Two Pennsylvania bus drivers are suing the National Labor Relations Board (NLRB) after the workers were prevented from holding a vote to throw off their union representation.
Krise Transportation employees Marcia Williams and Karen Wunz are challenging the NLRB’s “settlement bar” rule that prevents workers from challenging a union for a set amount of time after a settlement. (RELATED: Kentucky Unions Appeal After Court Says They Don’t ave A Right To Workers Wages)
The NLRB oversees union elections and enforces labor law. Williams and Wunz filed their Nov. 27 complaint at the U.S. District Court for the Western District of Pennsylvania, according to the National Right to Work Legal Defense Foundation, which is representing the pair of bus drivers.
“The National Labor Relations Act (NLRA) is premised on union officials only being granted monopoly bargaining status when they have the support of a majority of the workers they claim to represent. Yet, inexplicably, the NLRB has concocted several rules that undermine the Act by blocking workers from voting out unwanted representation,” National Right to Work Foundation President Mark Mix said in a statement.
Krise Transportation reached a settlement with Teamsters Local 397 in March after an unfair labor practice case. All but four of the company’s 28 employees signed a petition in May calling for an election to vote out the union.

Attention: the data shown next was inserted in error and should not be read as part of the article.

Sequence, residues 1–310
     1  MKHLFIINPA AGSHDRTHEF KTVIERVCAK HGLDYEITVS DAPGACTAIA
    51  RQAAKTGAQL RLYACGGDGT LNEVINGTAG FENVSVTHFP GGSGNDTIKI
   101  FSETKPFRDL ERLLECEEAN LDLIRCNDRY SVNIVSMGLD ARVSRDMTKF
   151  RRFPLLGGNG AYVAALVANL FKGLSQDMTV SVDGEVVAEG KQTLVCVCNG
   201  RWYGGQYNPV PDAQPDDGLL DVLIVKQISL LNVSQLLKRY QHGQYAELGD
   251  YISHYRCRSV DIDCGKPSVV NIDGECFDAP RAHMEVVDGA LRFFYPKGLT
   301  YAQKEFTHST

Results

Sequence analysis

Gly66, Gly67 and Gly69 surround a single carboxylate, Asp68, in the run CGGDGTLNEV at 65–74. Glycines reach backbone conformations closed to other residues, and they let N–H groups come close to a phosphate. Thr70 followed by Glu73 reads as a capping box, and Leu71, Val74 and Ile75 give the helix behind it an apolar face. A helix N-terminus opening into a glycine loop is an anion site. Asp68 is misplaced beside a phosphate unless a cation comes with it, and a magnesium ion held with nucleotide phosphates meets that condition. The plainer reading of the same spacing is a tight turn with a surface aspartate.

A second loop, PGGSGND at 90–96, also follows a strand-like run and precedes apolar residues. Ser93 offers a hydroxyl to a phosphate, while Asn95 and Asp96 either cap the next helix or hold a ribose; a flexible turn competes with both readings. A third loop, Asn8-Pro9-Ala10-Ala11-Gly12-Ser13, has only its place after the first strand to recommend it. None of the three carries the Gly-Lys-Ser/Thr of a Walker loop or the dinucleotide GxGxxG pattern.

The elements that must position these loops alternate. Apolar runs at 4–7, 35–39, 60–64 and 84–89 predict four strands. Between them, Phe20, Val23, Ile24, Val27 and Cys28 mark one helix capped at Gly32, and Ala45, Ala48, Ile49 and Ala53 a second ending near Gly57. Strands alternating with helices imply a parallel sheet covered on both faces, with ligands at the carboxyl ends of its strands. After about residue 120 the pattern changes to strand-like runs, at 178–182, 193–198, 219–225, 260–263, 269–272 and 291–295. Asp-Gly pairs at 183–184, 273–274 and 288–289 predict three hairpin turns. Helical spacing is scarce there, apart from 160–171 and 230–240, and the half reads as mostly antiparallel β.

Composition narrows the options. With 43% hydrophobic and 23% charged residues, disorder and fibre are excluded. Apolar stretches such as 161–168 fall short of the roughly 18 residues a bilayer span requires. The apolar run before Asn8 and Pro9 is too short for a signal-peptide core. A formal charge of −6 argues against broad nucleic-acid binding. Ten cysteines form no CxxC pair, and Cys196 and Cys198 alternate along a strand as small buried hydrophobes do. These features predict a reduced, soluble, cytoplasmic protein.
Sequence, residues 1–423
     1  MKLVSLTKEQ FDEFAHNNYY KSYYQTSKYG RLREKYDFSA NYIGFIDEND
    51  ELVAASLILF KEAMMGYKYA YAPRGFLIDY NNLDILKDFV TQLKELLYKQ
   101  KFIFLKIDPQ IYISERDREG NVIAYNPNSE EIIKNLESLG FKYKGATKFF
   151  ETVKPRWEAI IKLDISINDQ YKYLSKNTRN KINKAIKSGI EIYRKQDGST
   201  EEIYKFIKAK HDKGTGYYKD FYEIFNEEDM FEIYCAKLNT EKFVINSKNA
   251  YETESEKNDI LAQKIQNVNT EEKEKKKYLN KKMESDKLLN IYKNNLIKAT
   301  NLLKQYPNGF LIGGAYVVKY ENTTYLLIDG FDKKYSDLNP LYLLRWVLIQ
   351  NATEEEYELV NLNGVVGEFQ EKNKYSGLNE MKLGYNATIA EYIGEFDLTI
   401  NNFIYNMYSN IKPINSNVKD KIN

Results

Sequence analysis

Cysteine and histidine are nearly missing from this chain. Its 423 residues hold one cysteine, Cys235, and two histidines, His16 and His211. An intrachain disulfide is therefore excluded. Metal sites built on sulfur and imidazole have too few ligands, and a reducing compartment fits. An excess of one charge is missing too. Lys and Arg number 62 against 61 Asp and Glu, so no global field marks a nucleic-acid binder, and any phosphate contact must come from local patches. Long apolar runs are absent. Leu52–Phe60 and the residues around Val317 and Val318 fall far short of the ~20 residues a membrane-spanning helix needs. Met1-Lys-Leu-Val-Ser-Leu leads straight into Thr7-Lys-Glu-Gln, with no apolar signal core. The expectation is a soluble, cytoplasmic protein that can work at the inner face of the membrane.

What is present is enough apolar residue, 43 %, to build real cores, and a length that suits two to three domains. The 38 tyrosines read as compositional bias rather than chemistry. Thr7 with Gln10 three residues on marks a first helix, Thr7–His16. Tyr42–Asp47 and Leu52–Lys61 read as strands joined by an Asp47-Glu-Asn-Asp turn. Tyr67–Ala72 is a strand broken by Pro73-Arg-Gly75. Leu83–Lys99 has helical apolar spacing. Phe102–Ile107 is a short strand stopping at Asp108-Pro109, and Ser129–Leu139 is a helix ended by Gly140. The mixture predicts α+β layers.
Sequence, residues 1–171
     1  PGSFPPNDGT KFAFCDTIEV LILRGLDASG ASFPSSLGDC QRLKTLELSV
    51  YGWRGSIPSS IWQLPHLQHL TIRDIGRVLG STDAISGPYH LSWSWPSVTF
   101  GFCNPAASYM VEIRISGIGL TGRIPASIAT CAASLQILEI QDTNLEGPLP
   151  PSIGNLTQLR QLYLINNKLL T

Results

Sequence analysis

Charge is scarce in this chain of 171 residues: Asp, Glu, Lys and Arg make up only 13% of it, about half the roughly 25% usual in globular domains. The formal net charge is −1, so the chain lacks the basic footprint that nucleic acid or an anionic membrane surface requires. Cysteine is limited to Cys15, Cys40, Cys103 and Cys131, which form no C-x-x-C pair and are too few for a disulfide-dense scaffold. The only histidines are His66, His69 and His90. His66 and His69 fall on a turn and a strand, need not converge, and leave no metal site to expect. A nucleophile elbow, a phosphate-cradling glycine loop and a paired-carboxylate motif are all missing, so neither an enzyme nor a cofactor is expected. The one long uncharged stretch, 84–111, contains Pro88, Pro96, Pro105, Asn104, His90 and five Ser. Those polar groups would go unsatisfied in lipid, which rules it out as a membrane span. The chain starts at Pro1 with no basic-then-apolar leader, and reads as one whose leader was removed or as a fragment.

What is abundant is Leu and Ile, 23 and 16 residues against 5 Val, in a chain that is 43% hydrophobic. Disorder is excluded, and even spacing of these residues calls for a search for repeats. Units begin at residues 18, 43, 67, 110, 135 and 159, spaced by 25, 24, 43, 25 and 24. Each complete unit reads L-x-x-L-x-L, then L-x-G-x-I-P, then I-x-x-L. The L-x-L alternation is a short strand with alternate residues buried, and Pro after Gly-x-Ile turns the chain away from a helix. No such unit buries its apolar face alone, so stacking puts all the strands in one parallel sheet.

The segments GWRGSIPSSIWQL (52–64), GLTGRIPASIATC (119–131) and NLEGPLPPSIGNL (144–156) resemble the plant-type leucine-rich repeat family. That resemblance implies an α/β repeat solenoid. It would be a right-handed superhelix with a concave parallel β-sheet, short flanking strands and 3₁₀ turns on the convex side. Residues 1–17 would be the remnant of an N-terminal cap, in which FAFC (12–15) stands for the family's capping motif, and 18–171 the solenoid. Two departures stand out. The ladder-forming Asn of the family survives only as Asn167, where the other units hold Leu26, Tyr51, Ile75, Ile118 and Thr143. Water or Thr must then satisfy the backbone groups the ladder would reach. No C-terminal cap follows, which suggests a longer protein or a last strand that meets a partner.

The settlement triggered the NLRB’s “settlement bar” rule, barring workers from holding a secret ballot to vote out the union for a year after the first bargaining session between union officials and the company. The NLRB cited the clause in denying the Krise employees’ petition.
“The NLRB is forcing [Williams and Wuntz] to be exclusively represented by a minority union that they oppose,” the lawsuit says, according to The Washington Free Beacon. “In refusing to investigate Plaintiffs’ decertification petition and denying them the ability to raise a question concerning representation, the NLRB has acted outside of its delegated statutory authority … The NLRA’s text and plain meaning do not grant the NLRB statutory authority to issue an order that categorically bars a group of employees from raising a question concerning representation.”
A representative of Teamsters Local 397 was not available for comment.
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